Passive Accelerometer System (PAS) - MGBX

PAS Experiment PAS Experiment PAS Experiment


The objective of the passive accelerometer system (PAS) is to measure, at various locations in the spacecraft, the small (10-6 mg) quasi-steady residual acceleration caused by a combination of atmospheric drag effects and the gravity gradient.

Shuttle-Mir Missions

PAS was deployed on 10 separate occasions between October 20 and December 17, 1996. The acceleration measurement is obtained by recording the motion of a spherical proof mass along an oriented liquid-filled tube. Modified Stokes' Law uses trajectory and speed to calculate acceleration.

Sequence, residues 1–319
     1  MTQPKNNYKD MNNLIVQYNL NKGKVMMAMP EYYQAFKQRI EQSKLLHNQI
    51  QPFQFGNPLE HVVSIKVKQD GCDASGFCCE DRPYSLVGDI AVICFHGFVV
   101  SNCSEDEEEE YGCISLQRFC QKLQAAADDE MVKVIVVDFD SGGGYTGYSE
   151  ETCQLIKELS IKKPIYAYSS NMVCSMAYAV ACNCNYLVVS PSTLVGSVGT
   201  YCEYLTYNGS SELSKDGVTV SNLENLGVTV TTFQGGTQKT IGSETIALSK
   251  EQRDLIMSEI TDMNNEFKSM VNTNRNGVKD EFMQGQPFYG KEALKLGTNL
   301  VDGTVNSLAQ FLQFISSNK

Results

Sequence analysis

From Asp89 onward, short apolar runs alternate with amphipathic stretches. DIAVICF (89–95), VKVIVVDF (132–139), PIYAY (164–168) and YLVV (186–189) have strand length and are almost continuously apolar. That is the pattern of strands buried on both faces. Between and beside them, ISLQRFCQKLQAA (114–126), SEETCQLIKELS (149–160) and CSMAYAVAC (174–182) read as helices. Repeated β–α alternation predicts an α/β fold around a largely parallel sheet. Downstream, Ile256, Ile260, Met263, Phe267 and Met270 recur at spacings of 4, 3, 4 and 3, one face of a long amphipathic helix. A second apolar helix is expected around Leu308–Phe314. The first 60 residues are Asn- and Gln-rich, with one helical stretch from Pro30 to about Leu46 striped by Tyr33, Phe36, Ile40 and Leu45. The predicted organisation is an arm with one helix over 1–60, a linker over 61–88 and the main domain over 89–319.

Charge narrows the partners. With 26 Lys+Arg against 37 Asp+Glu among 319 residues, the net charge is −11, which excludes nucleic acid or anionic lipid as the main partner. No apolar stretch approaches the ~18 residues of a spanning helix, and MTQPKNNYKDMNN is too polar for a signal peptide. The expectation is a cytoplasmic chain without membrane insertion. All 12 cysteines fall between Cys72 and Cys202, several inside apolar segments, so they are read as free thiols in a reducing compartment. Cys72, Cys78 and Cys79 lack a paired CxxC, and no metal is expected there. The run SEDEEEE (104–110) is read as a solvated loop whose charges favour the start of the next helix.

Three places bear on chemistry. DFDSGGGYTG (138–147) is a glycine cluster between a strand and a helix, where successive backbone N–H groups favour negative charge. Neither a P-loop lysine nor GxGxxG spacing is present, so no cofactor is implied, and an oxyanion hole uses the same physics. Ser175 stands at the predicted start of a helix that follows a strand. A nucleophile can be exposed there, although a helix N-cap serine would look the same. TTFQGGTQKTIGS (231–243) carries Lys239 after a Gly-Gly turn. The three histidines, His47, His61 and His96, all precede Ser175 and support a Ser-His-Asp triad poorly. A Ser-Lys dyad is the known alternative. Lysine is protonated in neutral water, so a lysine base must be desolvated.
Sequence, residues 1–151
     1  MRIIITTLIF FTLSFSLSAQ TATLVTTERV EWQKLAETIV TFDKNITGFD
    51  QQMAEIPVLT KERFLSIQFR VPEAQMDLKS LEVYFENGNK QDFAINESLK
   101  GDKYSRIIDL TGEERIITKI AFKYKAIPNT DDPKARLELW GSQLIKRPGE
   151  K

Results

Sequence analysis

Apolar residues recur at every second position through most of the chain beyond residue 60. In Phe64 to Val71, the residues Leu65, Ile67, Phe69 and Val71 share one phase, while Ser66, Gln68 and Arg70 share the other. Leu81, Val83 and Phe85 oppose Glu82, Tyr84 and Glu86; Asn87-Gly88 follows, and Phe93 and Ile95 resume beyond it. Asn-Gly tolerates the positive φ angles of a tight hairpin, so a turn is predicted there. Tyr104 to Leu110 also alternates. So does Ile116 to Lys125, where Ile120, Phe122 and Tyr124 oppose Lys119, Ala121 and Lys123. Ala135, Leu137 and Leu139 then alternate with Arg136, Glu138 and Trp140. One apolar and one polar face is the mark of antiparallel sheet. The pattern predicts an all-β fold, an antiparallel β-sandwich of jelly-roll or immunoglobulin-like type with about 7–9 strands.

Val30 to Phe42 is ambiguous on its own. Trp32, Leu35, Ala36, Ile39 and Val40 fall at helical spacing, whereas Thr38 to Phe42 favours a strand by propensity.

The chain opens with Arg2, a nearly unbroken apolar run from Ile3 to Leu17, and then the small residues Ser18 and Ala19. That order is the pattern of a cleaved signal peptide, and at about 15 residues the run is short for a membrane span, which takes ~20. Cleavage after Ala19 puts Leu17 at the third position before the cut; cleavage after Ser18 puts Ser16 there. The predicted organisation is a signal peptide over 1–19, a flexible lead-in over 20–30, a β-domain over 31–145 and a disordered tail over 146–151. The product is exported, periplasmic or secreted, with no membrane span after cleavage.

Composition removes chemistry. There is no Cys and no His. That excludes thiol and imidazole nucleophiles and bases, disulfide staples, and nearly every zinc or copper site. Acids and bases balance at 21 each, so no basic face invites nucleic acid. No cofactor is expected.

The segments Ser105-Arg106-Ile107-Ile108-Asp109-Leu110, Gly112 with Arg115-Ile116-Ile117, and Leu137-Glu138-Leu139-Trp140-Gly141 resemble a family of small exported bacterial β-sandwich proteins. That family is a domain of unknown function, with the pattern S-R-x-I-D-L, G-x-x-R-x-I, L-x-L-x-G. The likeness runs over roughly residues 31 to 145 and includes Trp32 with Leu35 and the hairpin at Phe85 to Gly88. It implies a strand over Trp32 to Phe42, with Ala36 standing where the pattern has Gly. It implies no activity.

Successful operation. Measured accelerations up to 1.9 mg and as low as 5 X 10-2 mg. High and low accelerations measured at the same location but at different times.

Higher acceleration values consistent with orbital attitude and estimated atmospheric drag. Lower values suprising. Explanation: simulations show that proximity to CG + quasi-inertial attitude can lead to periods of practically no proof mass motion when the drag accelerations are low enough (low average acceleration).

J. Iwan D. Alexander and M.J. B. Rogers, Passive Accelerometer Measurements on Mir and STS-50, to be submitted to Microgravity Science and Technology, 1999.

Principal Investigators
J. Iwan D. Alexander
Case Western Reserve University

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Page last updated: 07/16/1999